Does Small Size Mean Less Opportunity in a Low-Carbon World?
Small caps are usually thought of as having a greater carbon footprint relative to their larger counterparts. Carbon emissions normalized by company revenues, known as weighted average carbon intensity, is a popular indicator to assess a company’s carbon footprint. This metric covers the three emissions scopes identified by the Greenhouse Gas (GHG) Protocol:
- Scope 1: Emissions released into the atmosphere as a direct result of a company’s activities.
- Scope 2: Emissions released into the atmosphere as an indirect result of a company’s activities, including the consumption of purchased electricity, steam, heat and cooling by a company.
- Scope 3: All other indirect emissions that occur in a company’s value chain, including upstream and downstream emissions. Scope 3 are the largest share of most companies’ emissions, but reporting is poor.
As shown in the chart, the small-cap segment in both developed and emerging markets exhibited higher carbon intensity compared to the standard (large- + mid-cap) segment. Interestingly, the difference in carbon intensity between small and standard indexes was smaller in emerging markets.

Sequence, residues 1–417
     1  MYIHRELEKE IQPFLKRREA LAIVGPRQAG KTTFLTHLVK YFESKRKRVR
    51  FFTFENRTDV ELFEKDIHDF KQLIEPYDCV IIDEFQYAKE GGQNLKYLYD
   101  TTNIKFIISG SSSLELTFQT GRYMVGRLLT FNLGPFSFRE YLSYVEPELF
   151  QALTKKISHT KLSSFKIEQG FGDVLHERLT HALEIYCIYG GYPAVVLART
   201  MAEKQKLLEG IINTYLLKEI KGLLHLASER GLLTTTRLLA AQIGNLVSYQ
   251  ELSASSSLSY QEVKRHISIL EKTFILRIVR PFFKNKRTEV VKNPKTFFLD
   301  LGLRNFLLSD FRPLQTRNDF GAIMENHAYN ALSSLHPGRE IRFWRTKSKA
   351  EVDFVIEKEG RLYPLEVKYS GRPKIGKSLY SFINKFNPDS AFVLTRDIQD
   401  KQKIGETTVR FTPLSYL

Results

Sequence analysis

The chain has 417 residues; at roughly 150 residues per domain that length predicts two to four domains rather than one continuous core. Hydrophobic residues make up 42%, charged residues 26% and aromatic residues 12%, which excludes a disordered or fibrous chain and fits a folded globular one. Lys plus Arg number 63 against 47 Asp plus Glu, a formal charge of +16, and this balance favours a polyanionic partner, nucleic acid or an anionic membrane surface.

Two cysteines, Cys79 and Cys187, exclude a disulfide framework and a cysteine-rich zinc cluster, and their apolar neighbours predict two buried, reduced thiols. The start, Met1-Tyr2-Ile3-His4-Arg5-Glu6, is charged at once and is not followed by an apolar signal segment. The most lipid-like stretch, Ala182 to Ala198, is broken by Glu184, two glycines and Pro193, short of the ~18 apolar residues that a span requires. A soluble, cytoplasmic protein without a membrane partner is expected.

Despite the stark picture for the journey ahead of us, the equity investment universe can be analyzed from the point of view not only of climate-transition risks, but of opportunities — and small caps are no exception. Companies can be differentiated based on their ability to capitalize (or not) on opportunities in a low-carbon economy, and those distinctions may provide a road map for building resilient carbon-transition portfolios. The MSCI Low Carbon Transition (LCT) categories provide a holistic assessment of a company’s carbon profile by considering how it manages risks and opportunities arising from climate transition. Both the MSCI Small Cap World and MSCI Small Cap Emerging Markets Indexes included companies that fell in the “Solutions” LCT category, which typically includes clean-technology and renewable-energy businesses that have the potential to benefit from the growth of low-carbon products and services.
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